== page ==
The Knar family in Colorado Springs is searching far and wide for opportunities to help their youngest child Aden. The 11 year old was diagnosed with a rare form of acute lymphoblastic leukaemia, and doctors recommend a familial umbilical cord blood stem cell transplant as a therapeutic option to send the cancer into remission.
Mike and Lori Knar are the parents of five children, including Aden but never learned about cord blood banking prior to any of the births. The Knars now believe that a sixth baby is in Aden’s best interests, and plan to bank the newborn baby’s cord blood as the sample is expected to be free of any trace amounts of leukaemia.
The family is searching for a surrogate mother who can help give birth to a new baby. Mike says the reason for the surrogacy may seem controversial, but he and Lori fully intend to raise the baby alongside Aden and the rest of their children in a healthy and loving home.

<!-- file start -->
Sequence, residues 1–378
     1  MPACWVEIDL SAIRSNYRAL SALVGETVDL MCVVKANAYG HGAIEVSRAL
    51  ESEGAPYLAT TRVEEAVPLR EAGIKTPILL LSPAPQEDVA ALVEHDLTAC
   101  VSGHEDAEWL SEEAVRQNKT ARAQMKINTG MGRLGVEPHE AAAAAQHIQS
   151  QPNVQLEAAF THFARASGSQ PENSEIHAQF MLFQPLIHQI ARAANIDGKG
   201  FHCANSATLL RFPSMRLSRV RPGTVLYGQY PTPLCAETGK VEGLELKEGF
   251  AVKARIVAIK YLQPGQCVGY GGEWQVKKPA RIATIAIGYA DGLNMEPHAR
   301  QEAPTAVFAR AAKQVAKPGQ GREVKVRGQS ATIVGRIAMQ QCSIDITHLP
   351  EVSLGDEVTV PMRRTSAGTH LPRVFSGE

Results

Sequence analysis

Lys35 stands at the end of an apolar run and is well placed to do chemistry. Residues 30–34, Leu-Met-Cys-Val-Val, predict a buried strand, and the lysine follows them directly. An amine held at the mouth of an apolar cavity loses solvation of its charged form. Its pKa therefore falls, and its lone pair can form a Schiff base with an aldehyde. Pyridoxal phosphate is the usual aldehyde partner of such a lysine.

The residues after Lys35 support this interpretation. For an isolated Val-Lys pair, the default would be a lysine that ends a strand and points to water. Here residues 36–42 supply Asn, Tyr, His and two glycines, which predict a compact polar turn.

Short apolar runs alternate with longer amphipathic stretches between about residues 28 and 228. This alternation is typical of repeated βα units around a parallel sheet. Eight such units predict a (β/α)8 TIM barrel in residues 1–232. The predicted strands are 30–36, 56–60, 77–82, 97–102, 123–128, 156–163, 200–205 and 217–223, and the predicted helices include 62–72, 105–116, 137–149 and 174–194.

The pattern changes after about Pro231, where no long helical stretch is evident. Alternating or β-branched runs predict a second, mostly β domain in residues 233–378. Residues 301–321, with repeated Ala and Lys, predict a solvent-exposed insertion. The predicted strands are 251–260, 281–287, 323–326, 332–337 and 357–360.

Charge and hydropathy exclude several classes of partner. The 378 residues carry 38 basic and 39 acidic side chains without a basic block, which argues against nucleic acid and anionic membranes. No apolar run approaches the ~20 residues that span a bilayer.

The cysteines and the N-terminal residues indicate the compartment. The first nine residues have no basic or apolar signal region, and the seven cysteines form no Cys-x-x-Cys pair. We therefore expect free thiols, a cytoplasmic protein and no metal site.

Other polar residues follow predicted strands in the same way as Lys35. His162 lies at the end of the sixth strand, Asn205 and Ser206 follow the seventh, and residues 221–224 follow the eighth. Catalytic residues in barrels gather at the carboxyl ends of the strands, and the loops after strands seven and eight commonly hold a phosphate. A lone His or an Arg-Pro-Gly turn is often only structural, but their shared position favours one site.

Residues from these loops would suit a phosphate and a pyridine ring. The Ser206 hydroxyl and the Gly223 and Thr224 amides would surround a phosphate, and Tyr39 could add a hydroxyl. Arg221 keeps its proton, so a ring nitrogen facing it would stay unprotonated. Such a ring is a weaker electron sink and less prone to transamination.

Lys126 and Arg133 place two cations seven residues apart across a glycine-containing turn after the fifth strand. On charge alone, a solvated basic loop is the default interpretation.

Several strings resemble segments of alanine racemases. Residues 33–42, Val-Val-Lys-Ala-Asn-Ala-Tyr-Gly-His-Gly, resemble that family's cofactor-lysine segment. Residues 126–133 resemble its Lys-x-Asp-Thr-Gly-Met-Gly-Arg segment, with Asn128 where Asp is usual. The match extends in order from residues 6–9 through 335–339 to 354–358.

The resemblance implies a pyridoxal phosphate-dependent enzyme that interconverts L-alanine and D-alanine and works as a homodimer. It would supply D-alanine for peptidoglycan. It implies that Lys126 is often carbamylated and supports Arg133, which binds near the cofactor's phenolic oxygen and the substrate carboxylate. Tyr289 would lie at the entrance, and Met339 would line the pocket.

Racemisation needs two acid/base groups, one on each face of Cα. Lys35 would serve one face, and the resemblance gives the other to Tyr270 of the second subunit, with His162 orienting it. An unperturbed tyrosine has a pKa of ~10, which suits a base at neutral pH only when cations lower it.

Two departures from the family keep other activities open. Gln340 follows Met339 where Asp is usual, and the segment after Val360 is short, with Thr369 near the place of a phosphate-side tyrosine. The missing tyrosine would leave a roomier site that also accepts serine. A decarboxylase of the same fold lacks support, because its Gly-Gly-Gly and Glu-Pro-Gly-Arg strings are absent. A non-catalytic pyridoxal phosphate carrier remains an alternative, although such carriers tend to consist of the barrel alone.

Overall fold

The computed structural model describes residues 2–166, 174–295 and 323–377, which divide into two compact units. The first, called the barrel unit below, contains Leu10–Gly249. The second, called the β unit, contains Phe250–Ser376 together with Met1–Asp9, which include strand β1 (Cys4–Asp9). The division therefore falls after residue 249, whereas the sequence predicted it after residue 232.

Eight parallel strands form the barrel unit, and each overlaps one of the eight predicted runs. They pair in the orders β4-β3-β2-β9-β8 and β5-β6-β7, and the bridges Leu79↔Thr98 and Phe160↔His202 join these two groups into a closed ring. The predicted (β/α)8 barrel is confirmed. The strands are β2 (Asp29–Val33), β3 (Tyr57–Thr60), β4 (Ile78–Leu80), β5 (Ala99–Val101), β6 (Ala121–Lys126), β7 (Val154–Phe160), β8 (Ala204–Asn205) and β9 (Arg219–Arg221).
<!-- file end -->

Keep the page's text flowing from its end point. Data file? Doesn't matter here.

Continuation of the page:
“I know there’s controversy in doing this, but if you’re sitting in our shoes, trying to save an 11-year-old’s life and you think long and hard, you go, ‘OK’.”
Aden was admitted to the Children’s Hospital Colorado last November to begin rounds of chemotherapy, and doctors initially began looking for a bone marrow donor. After realizing bone marrow was not a viable option to help Aden, the facility recommended cord blood as an alternative.
If Aden’s condition worsens before the new baby is born, doctors may even acquire the cord blood during the pregnancy, though that will be a last case scenario. More details about Aden and the Knar family’s story are available by following the link here.